As for the sputum positivity and treatment effectiveness in smear AFB positive patients, most authors[25] have noticed that sputum conversion in patients with relapsed TB is delayed than in NDPTB (62%–87%), which is also observed in our study.

In addition, some authors point out[26],[27] that the effectiveness of anti-TB therapy in RTB patients is significantly lower than in patients with NDPTB. This is consistent with our findings. Anti-TB treatment outcome has a trend to worsen worldwide.[28]

Recently, the short-term treatment regimens for TB patients have gained popularity. In this case, the relapse is no exception. Our findings suggest that the current standards of treatment for RTB patients should be modified because patients with recurrent TB experience symptoms of intoxication, persistent sputum positivity for Ziehl–Neelsen stain, and destruction and infiltration for a long time, and therefore the intensive phase should last longer until the effectiveness of treatment is observed. In addition, it has been reported that the most effective treatment regimen to reduce the probability of relapse in patients who are at high risk of recurrence has not been determined in clinical trials.[2] Recent studies have shown that the long-term treatment reduces the probability of relapse in patients with NDPTB.[29] There is also some evidence that the short-term chemotherapy regimens contribute to an increase in the incidence of RTB.[30] The implementation of novel, innovative long-term chemotherapy regimens for patients with TB is of great importance for achieving the better treatment outcomes.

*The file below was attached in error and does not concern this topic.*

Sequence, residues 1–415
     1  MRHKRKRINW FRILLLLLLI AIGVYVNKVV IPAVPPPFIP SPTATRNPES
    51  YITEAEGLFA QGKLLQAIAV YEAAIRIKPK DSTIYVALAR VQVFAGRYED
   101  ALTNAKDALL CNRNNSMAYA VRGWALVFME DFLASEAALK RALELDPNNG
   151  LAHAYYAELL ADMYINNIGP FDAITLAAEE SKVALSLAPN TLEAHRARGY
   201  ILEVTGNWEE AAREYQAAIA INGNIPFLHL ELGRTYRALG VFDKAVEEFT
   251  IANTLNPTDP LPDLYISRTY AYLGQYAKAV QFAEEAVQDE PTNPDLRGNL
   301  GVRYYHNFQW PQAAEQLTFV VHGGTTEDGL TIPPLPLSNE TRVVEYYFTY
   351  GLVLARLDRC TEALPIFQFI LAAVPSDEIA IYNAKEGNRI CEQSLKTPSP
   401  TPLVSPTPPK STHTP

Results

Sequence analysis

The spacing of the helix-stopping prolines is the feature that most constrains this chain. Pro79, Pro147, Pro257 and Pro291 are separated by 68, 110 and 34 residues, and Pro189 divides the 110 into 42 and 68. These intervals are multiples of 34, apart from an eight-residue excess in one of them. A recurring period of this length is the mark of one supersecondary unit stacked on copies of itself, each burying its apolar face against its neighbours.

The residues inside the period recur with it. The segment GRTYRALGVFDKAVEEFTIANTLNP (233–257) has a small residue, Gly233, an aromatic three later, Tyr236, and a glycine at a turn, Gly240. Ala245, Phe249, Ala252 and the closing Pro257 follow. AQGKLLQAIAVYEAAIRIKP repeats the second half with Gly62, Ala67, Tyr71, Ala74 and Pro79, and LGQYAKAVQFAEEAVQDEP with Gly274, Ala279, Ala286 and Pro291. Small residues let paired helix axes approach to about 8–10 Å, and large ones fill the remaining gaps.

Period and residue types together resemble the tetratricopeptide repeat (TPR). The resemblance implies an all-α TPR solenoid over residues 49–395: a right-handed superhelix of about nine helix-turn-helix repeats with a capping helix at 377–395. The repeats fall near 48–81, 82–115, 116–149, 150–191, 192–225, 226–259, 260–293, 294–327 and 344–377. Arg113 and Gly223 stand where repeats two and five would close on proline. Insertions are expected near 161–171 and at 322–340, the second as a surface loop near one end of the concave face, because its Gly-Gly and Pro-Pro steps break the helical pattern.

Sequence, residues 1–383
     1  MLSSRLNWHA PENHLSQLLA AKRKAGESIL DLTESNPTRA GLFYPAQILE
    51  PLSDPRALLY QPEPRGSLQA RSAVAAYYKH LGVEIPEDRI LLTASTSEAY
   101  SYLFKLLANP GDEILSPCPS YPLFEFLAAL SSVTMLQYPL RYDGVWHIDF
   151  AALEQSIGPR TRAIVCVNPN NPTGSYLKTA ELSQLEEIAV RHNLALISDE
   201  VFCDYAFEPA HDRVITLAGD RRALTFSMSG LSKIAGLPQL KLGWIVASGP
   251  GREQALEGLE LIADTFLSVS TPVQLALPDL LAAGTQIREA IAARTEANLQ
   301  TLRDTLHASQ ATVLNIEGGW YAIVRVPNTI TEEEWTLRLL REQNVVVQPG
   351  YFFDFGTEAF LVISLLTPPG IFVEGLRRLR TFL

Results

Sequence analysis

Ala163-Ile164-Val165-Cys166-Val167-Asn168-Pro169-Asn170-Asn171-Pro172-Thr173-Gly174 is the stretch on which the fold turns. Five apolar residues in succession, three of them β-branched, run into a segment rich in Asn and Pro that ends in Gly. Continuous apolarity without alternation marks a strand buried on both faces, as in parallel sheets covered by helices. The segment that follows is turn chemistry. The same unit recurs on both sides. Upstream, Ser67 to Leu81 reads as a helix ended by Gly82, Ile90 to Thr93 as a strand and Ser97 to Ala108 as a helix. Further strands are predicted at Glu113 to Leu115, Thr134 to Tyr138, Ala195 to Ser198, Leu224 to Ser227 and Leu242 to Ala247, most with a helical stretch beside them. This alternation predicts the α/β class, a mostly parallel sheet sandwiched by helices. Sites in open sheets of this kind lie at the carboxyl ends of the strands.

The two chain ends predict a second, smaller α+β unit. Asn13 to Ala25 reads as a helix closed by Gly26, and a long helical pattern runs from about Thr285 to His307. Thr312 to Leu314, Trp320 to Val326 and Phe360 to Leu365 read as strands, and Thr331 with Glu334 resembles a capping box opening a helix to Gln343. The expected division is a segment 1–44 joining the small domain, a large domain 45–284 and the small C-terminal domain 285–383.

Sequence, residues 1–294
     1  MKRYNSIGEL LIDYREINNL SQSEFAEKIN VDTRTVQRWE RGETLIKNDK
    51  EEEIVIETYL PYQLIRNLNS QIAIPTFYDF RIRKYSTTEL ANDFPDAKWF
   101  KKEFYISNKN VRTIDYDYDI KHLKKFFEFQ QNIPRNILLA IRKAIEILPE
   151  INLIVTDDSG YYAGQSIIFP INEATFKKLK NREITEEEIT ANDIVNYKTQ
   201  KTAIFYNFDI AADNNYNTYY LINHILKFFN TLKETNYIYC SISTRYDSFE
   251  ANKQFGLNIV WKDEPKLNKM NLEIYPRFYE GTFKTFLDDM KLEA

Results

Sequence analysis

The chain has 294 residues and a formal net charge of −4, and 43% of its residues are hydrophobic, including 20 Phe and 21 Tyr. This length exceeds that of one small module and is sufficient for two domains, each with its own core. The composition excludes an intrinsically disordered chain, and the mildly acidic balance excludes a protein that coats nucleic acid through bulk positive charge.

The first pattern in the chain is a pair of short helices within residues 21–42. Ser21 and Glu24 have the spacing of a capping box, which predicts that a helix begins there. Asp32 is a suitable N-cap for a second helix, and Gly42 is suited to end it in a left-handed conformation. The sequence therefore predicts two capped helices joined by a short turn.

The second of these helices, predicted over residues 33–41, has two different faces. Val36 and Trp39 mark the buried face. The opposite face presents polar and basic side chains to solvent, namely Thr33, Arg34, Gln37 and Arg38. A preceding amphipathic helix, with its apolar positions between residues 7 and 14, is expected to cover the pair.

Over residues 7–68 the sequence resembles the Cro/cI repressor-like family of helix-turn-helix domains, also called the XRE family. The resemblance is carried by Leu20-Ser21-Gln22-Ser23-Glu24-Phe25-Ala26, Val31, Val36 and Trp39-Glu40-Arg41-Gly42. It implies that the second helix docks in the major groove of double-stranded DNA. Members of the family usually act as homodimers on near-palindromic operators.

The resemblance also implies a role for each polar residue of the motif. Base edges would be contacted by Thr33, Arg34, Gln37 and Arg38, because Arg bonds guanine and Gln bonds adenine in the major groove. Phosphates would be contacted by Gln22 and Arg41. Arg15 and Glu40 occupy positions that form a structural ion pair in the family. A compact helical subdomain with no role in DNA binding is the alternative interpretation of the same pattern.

Conclusions Top

It is worth noting that the effectiveness of standard treatment for patients with NDPTB usually manifests by a faster improvement and stabilization of patients' health, a lower prevalence of toxic adverse effects of anti-TB drugs, faster sputum smear and culture conversion, a higher rate of cavity cures and clinical and radiological signs of convalescence, and a reduced rate of significant residual changes observed after the treatment compared with RTB. Our findings suggest that the patients with RTB require more prolonged chemotherapy (than stated in standard treatment regimens in Ukraine) compared with the patients with NDPTB. This prolongation of chemotherapy can result in a more pronounced clinical and radiological stabilization of the process in this cohort of patients.


We would like to thank all volunteers who participated in this study. We acknowledge the wholehearted support of all clinicians, nurses, and laboratory staff who contributed to this research and made this study possible. Our gratitude is expressed to the experts in the TB field who kindly shared their opinions and suggestions with us.

Financial support and sponsorship


Conflicts of interest

There are no conflicts of interest.

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  [Figure 1]

  [Table 1], [Table 2], [Table 3], [Table 4], [Table 5]